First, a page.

Most in Vietnam have read or heard the story Vo Nhat (picked wife) by writer Kim Lan, in which a poor man asks a homeless woman to be his wife during the famine in northern Vietnam in the 1940s.
The story continues to be viewed as a lesson in kindness.
In an endearing example of life imitating art, a visiting photographer and blogger Brandon Stanton discovered a similar tale on the streets of Ho Chi Minh City and posted a photo of the couple on his Facebook page: Humans of New York.
"[My husband] found my son and I on New Year's Eve, sleeping in a construction site.... and said: 'You shouldn't live like this, come home with me.” Stanton quoted the woman as saying.
“He let us live with him for a few months, and he never asked me for a thing, and he was very good to my son. Sometimes I'd come home and find him carrying my son on his shoulders. After a few months, we developed romantic feelings for each other," said the woman who was identified by Tuoi Tre newspaper as 28-year-old Nguyen Thuy An of Ho Chi Minh City’s District 4.
The man featured in Stanton's photograph, Nguyen Van Tai, works as a motorbike parking attendant.
Tai said he first found An sleeping on the street with her two-year-old son in the district flower market a few days ahead of the most recent lunar new year, Tuoi Tre reported.
“On New Year’s Eve, I saw them again on the street and she told me she was homeless,” the paper quoted the 29-year-old man as saying.
Nguyen Van Tai and the wife he "picked" from the street in the photo taken by Brandon Stanton.
“The area was dark and dangerous. I invited her to my house and offered to sleep on the floor [so she and her son could have my bed]. I told her she could leave at any time.”
The mother and son followed Tai to his small rented house as the New Year approached.
An said she worried about moving in with a strange man.
“But it was even more dangerous on the street," she said. "Moreover, he was living with his mother and younger brother."
New Year Eve's magic
Tai said her mother did not object to An and her son moving into their home but she did ask about the An’s age.
“I didn’t know. I guessed, randomly, that she was 22 and only learned later that she is 28,” he said.
Tai took the mother and son around on Tet (Lunar New Year) holidays and bought toys for her son, Khang. A month after living together, Tai confessed he loved An.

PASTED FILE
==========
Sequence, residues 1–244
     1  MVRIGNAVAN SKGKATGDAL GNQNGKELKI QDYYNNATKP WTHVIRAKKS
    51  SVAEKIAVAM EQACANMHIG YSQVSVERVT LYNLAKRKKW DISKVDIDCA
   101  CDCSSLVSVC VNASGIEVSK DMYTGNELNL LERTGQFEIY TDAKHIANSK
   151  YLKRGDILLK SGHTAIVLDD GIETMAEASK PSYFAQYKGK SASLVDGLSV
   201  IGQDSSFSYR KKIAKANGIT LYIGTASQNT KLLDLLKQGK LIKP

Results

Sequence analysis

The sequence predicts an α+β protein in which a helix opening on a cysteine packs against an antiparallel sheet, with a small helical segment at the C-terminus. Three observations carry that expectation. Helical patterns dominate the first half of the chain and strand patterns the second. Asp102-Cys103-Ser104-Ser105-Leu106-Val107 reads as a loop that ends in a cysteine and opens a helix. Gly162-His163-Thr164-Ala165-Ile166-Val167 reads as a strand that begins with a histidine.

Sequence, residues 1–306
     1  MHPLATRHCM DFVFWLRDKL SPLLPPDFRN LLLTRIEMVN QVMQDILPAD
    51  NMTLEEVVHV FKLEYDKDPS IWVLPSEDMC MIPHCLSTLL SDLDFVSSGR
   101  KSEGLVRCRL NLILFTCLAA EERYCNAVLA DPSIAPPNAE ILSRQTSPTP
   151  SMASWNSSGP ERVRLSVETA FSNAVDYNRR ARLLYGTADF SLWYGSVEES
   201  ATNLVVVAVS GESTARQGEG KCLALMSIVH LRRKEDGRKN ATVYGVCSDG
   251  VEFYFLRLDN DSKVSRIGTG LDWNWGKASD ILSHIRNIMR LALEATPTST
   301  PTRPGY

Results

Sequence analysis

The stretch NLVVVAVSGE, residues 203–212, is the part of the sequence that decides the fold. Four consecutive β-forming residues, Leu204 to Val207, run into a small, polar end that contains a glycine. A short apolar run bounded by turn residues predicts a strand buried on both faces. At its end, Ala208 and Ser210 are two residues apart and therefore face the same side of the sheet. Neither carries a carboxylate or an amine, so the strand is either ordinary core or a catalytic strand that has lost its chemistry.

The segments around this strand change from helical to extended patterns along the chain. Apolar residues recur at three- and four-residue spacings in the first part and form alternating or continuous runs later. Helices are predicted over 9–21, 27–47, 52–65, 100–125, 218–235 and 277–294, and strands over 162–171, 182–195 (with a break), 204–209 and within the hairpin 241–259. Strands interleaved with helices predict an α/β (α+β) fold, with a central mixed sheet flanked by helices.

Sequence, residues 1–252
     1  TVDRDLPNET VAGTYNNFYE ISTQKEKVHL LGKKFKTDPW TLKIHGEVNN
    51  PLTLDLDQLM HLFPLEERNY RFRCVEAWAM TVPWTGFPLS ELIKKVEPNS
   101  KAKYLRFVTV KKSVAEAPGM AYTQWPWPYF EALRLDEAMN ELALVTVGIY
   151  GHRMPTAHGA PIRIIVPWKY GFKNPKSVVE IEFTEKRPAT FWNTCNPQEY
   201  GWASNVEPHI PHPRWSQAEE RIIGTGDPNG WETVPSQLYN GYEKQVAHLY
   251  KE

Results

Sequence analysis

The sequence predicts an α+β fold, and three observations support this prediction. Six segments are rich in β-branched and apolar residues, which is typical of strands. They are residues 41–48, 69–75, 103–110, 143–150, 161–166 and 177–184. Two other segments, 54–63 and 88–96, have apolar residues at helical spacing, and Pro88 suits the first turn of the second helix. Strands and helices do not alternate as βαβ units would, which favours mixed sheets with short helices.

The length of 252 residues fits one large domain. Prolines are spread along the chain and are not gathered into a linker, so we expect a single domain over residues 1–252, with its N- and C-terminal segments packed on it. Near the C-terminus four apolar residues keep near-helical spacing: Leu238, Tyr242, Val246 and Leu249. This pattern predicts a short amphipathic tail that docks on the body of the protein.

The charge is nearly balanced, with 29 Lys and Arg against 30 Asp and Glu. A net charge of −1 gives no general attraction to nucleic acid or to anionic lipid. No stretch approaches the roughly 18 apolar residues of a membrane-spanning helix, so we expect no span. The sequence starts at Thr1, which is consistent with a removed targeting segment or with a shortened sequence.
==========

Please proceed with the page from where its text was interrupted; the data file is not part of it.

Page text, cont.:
“It was my happiest Tet because I'd wake up at night and see a roof instead of stars in the sky,” she said.
An said that after her father died and her mother left, she stayed with her aunt. After her aunt got married, she began living in a restaurant where she worked and fell in love with a waiter who left her after she got pregnant.
The woman hired a small house and lived on the kindness of neighbors who often gave her rice and clothes.
But just before Tet, the mother and son were evicted from the home for failing to make rent.
An said Tai gets along well with his step-son, which is not always easy for a single man.
Nguyen Van Tai, Nguyen Thuy An and her son in their home. Photo courtesy of Zing
“I am a man and I am supposed to be able to support a woman and a child. Moreover, life was boring when all I did was watch television. I'm happy to see a little child running around in my house,” he said.
His salary of only VND4 million (US$193) a month was barely enough to support his family in the beginning days when An was unemployed.
Things got particularly tight when Khang got sick and they had to scrape together doctor and medicine fees.
Tai’s mother, 57-year-old Phan Thi Duyen, said she is happy to do the housework as her son seems happy with his family.
“The child is attached to his step-father and always says he is his father whenever anyone asks,” she said.
“It seems destiny brought them together. I'm not annoyed at all but feel pity for them because they can't afford a wedding,” she said, adding that Tai quit drinking after meeting his wife.
An has set up a temporary shop selling coffee and water near a construction site; Tai looks after Khang while working at the motorbike lot.
Holding the little child in his arm, Tai said: “I have a true love for An and want to bring them happiness despite the difficulty.”